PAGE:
Technology will soon invade Costa Rican classrooms through Entre Pares (Peer Coaching), a Microsoft initiative designed to train teachers to integrate technology into their curriculum by teaching each other.
Entre Pares, carried out in collaboration with the Ministry of Public Education, trains teachers to use tools such as Web lessons and to implement technology inside the classroom, and then help train their colleagues.
The program, which exists in 101 countries, was officially launched here by Microsoft Costa Rica Feb. 24 during a press conference at Villa Tournón Hotel in downtown San José, in the presence of the program’s first graduates and the Vice-Minister of Public Education,William Cordero.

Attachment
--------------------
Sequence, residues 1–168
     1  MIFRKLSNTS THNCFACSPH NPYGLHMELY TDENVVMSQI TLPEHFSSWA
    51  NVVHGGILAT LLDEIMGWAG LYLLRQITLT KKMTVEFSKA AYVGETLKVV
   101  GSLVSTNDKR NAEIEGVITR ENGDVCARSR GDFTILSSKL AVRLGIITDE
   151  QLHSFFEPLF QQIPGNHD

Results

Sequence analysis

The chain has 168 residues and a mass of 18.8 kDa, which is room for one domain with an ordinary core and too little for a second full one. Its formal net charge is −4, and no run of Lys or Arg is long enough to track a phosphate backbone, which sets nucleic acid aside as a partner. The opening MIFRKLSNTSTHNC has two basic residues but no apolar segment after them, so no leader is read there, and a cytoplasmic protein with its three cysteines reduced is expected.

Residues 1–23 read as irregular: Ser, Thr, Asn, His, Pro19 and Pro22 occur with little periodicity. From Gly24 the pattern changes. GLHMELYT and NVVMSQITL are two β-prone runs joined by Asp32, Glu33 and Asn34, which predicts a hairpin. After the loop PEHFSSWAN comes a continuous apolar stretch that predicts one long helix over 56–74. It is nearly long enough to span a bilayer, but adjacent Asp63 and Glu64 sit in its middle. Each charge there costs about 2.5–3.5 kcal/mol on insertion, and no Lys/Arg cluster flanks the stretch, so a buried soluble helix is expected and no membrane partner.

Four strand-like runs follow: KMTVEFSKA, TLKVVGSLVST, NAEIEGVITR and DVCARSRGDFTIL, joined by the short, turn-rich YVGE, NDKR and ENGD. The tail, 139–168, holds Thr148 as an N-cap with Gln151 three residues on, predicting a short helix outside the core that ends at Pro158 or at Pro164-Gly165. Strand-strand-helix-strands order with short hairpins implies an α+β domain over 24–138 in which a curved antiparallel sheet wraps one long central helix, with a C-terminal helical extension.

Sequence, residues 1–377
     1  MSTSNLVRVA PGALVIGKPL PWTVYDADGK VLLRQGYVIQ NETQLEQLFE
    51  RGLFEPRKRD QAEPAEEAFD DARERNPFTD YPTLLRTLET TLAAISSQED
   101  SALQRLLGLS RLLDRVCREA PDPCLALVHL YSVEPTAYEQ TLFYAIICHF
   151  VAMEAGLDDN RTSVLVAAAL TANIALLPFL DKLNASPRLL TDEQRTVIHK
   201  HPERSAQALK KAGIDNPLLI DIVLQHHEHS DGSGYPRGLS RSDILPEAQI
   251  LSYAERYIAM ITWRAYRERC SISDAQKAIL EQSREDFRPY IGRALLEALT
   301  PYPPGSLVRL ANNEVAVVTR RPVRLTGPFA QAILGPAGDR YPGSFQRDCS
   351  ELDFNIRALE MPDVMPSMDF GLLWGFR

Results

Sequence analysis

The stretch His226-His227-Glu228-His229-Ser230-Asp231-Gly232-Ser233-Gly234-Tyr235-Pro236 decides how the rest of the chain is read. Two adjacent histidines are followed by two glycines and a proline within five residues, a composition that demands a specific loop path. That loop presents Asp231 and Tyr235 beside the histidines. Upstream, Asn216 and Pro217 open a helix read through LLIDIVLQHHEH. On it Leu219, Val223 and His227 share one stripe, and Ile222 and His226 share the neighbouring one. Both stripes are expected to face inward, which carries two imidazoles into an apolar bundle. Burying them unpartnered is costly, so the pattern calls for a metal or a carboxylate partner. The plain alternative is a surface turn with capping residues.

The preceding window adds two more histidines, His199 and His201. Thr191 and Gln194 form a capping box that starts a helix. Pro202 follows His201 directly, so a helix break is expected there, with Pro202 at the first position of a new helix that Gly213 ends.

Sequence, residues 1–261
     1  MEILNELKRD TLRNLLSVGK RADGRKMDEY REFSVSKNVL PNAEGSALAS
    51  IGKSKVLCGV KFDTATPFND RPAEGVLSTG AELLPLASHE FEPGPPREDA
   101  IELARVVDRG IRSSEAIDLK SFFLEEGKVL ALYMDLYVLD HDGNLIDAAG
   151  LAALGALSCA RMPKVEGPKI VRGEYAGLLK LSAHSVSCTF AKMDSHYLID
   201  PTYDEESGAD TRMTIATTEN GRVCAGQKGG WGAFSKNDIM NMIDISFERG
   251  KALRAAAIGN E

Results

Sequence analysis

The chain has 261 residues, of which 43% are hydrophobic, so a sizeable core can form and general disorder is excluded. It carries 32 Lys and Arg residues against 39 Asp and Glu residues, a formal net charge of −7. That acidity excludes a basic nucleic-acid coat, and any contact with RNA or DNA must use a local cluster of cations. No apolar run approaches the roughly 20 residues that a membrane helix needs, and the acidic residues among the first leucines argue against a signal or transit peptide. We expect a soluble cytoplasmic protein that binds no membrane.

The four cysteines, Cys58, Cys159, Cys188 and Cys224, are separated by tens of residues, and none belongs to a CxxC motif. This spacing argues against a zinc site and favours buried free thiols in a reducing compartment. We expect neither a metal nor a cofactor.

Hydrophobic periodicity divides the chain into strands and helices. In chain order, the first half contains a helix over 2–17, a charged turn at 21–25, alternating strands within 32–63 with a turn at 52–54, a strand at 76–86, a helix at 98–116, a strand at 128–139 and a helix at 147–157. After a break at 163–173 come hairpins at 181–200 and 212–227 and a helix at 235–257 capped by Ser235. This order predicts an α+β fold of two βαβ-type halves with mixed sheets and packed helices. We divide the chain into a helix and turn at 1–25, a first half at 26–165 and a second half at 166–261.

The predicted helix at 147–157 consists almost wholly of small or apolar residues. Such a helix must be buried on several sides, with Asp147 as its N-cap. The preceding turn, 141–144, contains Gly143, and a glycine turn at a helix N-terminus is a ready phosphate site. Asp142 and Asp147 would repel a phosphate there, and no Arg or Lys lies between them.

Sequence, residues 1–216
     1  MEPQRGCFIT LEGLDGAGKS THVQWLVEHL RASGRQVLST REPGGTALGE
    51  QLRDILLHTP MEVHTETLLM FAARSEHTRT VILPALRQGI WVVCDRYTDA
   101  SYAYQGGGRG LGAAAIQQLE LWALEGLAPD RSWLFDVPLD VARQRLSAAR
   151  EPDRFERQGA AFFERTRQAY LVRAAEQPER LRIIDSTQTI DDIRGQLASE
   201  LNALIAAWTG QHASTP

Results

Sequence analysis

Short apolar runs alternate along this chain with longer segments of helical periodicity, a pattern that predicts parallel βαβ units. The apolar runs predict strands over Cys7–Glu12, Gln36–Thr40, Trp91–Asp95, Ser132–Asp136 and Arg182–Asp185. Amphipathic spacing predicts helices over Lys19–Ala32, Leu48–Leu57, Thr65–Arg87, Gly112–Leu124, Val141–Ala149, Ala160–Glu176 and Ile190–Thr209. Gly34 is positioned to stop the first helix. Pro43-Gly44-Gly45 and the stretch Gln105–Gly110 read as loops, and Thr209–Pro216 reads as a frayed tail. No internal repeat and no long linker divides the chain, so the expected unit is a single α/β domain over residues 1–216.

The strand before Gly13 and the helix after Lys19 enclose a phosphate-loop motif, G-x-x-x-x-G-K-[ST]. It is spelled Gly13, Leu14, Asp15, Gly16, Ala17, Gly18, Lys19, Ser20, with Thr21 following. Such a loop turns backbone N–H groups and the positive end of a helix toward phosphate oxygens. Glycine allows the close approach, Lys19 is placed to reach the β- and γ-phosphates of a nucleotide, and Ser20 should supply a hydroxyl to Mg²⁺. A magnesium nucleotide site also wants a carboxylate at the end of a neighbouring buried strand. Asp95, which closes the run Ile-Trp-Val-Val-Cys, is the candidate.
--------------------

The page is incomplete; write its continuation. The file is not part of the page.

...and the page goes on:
For Cordero, Entre Pares represents a chance for “improvement, to reach those children, so they can feel that affection, that love (for the teaching profession),” he said at the conference.
The eight public elementary school teachers were instructed by representatives of the Omar Dengo Foundation, a Costa Rican nonprofit organization dedicated to improving education, and Microsoft, during 40 hours of training last week, when four of them were trained as peer coaches and four as program advisors.
The four peer coaches have started training teachers this week at their respective schools in the province of Heredia.
The next training is scheduled for public high-school teachers from three schools in Heredia and one in the province of Alajuela, April 3-7.
During its first year, costs for the program will amount to $40,000, and 150 teachers will receive training, according to a statement from Microsoft.